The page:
Sunday, December 27, 2015

Film Review - Star Wars: The Force Awakens (2015)

Copyright: Walt Disney Studios
George Lucas was the guy who invented the concept of the Force, and then 30 years later decided that the Force was actually produced by midi-chlorians, a type of microorganism in the blood of a person. After that, he apparently realized that he just doesn’t get these new kids, which is the reason why his last three films in the Star Wars franchise failed so miserably, even when it comes to selling a lot of merchandise (for some reason, not many people bought Hayden Christensen T-shirts).

At that moment, he did something unattainable for most despots through history and released the reins to someone else for the Star Wars: The Force Awakens. Lucas was done and many felt really happy that he was out of the picture.

The guy who filled his shoes was J.J. Abrams, a film industry veteran that must have been Cardinal Richelieu or someone like him in his past life because he continues to swim like a champion in the shark-infested waters of Hollywood. 

Now, the same person revitalized both Star Trek and Star Wars, which is for me a very fitting end to the age of the 1980’s when both franchises found their audience. Back then, these two had hardly anything in common, except the word Star in their title and the appearance of star ships in their plots.

But now, thanks to the Abrams’ brilliant but also somehow hellish brewing pot, these two are practically identical space opera stories set in a sci-fi type of setting. I wouldn’t be surprised if he even decided to do a crossover movie where some of the characters from the new Star Wars films end up on the Enterprise.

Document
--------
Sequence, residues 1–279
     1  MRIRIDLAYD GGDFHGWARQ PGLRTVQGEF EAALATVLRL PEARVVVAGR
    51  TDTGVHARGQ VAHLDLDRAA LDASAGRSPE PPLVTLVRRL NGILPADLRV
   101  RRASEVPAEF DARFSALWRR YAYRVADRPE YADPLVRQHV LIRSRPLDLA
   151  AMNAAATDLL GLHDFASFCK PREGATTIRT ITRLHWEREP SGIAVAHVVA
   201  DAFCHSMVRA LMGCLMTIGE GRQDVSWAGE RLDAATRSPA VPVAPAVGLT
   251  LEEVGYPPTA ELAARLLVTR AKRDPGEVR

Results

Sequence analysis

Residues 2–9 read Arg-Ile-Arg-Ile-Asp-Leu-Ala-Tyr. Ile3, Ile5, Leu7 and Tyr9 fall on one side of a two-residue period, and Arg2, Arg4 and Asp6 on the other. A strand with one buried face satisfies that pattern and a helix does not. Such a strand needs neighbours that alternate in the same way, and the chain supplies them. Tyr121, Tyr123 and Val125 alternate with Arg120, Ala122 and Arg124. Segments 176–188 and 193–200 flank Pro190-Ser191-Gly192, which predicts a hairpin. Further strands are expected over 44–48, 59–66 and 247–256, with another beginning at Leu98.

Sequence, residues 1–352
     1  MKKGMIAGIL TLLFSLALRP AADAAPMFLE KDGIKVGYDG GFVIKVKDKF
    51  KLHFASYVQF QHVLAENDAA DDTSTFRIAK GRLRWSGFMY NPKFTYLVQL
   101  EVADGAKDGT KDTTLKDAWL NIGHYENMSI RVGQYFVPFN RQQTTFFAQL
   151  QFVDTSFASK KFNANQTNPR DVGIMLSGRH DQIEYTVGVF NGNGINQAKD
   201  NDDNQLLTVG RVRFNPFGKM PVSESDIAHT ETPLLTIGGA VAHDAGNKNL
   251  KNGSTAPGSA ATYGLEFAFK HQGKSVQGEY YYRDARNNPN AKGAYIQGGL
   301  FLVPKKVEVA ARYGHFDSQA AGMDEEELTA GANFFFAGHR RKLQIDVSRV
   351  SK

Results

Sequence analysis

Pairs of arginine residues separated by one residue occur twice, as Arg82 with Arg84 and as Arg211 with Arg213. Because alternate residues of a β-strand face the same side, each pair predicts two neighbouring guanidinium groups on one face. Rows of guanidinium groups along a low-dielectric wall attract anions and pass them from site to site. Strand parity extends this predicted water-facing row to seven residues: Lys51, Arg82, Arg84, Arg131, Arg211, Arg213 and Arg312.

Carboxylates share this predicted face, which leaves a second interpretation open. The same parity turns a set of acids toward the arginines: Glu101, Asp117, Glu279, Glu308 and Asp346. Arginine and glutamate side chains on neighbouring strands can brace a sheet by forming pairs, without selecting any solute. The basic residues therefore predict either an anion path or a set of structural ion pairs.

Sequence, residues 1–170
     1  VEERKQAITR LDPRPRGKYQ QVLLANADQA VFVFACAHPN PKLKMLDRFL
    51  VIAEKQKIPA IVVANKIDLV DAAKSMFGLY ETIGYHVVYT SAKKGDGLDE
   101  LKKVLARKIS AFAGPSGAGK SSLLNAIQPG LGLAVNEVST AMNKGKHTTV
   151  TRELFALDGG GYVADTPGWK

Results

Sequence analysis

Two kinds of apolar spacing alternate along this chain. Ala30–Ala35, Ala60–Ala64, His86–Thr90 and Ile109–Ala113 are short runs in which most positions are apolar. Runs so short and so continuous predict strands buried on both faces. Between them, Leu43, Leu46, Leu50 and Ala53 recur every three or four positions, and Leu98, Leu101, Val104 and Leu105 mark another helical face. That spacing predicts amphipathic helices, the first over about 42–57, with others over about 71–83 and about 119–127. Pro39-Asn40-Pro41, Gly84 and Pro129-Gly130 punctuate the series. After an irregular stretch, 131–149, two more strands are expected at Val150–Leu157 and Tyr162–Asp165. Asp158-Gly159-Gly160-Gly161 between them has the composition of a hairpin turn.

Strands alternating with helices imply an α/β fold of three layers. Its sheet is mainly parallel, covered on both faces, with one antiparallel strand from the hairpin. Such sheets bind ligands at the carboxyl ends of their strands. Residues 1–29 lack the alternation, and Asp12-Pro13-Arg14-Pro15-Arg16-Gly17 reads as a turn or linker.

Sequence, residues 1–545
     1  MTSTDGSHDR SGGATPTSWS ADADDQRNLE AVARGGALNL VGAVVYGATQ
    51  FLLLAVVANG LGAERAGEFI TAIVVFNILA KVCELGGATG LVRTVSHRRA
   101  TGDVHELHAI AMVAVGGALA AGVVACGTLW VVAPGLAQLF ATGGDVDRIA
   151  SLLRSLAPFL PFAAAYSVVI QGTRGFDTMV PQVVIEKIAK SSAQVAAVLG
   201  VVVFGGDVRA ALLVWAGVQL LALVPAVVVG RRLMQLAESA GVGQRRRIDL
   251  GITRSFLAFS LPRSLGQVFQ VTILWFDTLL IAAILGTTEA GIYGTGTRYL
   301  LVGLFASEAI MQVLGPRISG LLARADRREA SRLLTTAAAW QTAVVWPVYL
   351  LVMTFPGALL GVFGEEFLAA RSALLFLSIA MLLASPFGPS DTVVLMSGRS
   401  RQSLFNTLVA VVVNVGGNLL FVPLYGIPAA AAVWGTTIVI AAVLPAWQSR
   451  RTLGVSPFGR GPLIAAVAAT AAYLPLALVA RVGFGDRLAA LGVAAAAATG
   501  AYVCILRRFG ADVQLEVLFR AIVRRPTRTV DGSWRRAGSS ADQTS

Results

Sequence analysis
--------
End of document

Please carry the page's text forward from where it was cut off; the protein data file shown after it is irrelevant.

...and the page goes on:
Is this something that is desirable? Well, no, but strictly from a cinematographic point of view. Abrams is a man devoid of any vision apart from being a craftsman who specializes in refurbishing stuff. A man like him picks up broken things from the past, paints them in a currently very popular color and sells them for a profit. But, this does not make the new Star Wars film an unpleasant viewing experience. In the adventure story that looks like a retelling of the first film (or the 4th one according to the new calendar), there is plenty of fun and excitement.

I didn’t have a problem with plot similarities, while the stars from the original trilogy strangely absent in the films from the early 2000’s now return, looking old, frail and disconnected, especially Harrison Ford, but they were brought in not to do or say anything especially important, but just to be there visually. They are a human equivalent of a light saber and have a similar purpose of popping up at the appropriate moment. I’m pretty sure that when CGI becomes a bit more advanced, the same people will only appear as computer simulations.

Everything else is adequate in the Star Wars: The Force Awakens. New actors are fine, but none of them are Ford in 1977 even by a long shot. The locations are exciting and the action unravels just like Abrams’ notebook of action films says it should. All in this film is average and above average, finely crafted and marketed perfectly like a high-quality action figure selection they are planning to sell across the world.

Like an action figure, this film is designed to be consumed and forgotten, while details from it will remain forever in the new apps, games, toys and T-Shirts. Because of this, the visual design of the mask that Kylo Ren wears will outlive the plot of the film or any of its cinematic moments, big or small. Here, the brilliance of Abrams’ ability to constantly upgrade the idea of the smart-looking blockbuster is seen in full force. But, for some reason, he forgot all about midi-chlorians which are never even hinted at in this film. I wonder if Lukas is disappointed about that, but at the same time, I also believe that no one bothered to ask him.